Rob Rob - 4 months ago 12
Bash Question

"for each in" standard output bash

I am looking to generate an output file that contains the result of the following command:

cd /path/to/files/; for each in *; do cat $each; echo "######_NEW_FILE_######"; done


I have tried:

cd /path/to/files/; for each in *; do cat $each; echo "######_NEW_FILE_######"; > output.txt; done


This generates the file, but it is blank. I have also tried:

cd /path/to/files/; for each in *; do cat $each; echo "######_NEW_FILE_######"; done; >output.txt


This generates a file that is way too big. This is not what I am looking for.
Thanks for the help.

Answer

If you want to have a redirection in place for a block of commands, without the performance impact and other side effects involved in a subshell, put it in braces:

{
  cd /path/to/files/; for each in *; do cat "$each"; echo "######_NEW_FILE_######"; done 
} >output.txt

...as a one-liner, be sure to put a ; before the closing brace:

{ cd /path/to/files/; for each in *; do cat "$each"; echo "######_NEW_FILE_######"; done; } >output.txt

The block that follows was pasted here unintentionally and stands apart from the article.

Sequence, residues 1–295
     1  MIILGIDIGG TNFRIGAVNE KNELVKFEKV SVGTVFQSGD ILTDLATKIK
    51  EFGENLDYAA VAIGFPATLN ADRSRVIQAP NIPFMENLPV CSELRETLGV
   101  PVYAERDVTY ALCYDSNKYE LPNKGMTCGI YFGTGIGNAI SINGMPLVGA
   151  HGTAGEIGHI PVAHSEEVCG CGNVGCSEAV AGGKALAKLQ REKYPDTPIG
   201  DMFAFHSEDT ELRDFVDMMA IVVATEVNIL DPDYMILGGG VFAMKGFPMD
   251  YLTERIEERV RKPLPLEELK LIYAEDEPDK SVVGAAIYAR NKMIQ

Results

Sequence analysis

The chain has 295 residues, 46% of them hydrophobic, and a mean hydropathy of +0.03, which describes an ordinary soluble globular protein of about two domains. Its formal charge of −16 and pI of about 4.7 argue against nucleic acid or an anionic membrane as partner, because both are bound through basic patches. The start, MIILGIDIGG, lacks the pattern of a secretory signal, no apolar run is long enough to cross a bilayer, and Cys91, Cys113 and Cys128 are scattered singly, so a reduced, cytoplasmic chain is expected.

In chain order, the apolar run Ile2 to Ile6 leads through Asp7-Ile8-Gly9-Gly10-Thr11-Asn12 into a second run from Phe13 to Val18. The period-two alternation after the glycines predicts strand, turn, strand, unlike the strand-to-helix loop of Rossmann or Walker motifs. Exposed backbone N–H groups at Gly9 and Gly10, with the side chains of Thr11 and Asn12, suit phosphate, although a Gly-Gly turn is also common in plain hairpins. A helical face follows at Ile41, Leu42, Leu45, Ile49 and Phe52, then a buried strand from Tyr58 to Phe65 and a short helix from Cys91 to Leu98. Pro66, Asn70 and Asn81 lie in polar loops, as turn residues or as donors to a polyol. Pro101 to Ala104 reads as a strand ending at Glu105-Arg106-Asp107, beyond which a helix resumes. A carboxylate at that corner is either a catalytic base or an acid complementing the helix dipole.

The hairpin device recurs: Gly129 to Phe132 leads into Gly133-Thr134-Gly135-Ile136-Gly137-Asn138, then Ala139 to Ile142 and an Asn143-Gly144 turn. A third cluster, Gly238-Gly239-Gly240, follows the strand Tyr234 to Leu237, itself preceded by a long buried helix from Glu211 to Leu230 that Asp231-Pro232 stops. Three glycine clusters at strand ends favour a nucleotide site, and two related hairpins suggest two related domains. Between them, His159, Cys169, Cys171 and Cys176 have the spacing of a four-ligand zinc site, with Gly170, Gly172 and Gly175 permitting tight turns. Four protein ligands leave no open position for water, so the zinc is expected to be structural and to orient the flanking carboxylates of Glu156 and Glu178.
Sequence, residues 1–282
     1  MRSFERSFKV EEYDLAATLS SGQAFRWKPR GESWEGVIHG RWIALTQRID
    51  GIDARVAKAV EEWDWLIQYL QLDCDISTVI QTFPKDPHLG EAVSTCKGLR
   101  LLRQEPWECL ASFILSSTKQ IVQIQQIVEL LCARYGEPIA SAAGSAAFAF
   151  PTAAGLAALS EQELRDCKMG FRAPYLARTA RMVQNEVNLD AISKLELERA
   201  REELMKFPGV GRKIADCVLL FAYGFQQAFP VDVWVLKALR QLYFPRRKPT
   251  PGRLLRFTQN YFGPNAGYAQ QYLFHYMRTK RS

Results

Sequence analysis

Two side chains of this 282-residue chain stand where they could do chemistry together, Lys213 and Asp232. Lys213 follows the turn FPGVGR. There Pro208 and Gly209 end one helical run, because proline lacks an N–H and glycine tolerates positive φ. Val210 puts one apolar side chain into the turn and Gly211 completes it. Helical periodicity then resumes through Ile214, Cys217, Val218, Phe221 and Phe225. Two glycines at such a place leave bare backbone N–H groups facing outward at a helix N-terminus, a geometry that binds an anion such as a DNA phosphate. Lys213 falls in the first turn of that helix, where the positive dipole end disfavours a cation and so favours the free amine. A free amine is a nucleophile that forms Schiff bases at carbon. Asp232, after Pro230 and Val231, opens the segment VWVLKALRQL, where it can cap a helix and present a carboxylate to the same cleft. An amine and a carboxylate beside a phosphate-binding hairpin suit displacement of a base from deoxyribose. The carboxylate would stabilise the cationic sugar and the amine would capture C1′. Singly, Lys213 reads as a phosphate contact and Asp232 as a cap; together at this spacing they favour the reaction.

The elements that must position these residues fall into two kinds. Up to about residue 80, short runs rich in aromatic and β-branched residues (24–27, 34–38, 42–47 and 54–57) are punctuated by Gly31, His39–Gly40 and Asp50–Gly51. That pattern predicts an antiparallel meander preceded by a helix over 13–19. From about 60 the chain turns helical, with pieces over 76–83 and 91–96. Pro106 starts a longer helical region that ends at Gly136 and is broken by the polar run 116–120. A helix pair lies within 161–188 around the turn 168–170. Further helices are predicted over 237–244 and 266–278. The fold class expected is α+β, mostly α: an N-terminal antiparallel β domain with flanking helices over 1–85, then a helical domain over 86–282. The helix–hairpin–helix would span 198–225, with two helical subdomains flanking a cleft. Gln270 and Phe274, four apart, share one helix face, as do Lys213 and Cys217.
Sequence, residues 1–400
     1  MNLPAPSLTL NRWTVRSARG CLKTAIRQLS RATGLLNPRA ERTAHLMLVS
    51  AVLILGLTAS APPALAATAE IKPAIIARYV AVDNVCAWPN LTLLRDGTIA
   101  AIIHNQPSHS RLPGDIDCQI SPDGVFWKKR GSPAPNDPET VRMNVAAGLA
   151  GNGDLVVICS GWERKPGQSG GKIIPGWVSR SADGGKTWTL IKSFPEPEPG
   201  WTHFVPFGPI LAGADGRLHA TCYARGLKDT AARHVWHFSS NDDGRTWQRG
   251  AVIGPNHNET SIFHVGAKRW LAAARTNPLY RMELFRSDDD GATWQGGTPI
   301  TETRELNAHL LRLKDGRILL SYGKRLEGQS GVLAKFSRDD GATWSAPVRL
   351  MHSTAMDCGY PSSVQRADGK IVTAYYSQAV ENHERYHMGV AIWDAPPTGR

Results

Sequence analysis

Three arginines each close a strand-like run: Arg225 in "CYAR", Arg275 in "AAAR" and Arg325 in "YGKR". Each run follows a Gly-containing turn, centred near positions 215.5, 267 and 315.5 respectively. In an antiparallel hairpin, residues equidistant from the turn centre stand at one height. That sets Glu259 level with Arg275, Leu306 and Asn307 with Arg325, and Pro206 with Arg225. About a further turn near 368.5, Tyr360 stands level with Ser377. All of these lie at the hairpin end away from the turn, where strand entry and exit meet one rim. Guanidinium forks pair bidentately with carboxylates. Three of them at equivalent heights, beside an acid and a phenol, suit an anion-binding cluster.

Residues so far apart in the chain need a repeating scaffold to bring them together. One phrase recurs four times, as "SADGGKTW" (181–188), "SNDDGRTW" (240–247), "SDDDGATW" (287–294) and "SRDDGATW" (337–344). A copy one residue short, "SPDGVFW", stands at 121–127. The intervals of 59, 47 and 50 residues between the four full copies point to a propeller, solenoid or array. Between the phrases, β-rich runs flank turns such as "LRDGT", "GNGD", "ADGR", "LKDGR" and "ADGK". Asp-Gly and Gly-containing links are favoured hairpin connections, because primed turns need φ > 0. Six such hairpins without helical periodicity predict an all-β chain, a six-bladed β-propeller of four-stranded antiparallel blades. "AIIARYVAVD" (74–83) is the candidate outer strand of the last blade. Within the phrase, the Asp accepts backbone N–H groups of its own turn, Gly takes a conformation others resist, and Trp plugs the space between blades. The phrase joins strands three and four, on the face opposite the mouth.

By the way, note that it's cat "$each", not cat $each. If you have a file created with touch '*', you'd be doubling your output size otherwise.


That said, this is indeed very nearly identical to:

cd /path/to/files/; for each in *; do cat "$each"; echo "######_NEW_FILE_######"; done >output.txt

...for which the >output.txt applies to the for loop (and only the loop). The difference, then, is that the { ... } approach also redirects any stdout from the cd command (for which there should be none, unless you have it redefined with a shell function wrapper or similar).

That is to say:

# this does not redirect the header
cd /path/to/files; echo "header"; for each in *; do cat "$each"; done >output

# this does not redirect the header or the loop
cd /path/to/files; echo "header"; for each in *; do cat "$each"; done; echo footer >output

# this redirects everything
{ cd /path/to/files; echo "header"; for each in *; do cat "$each"; done; echo footer; } >output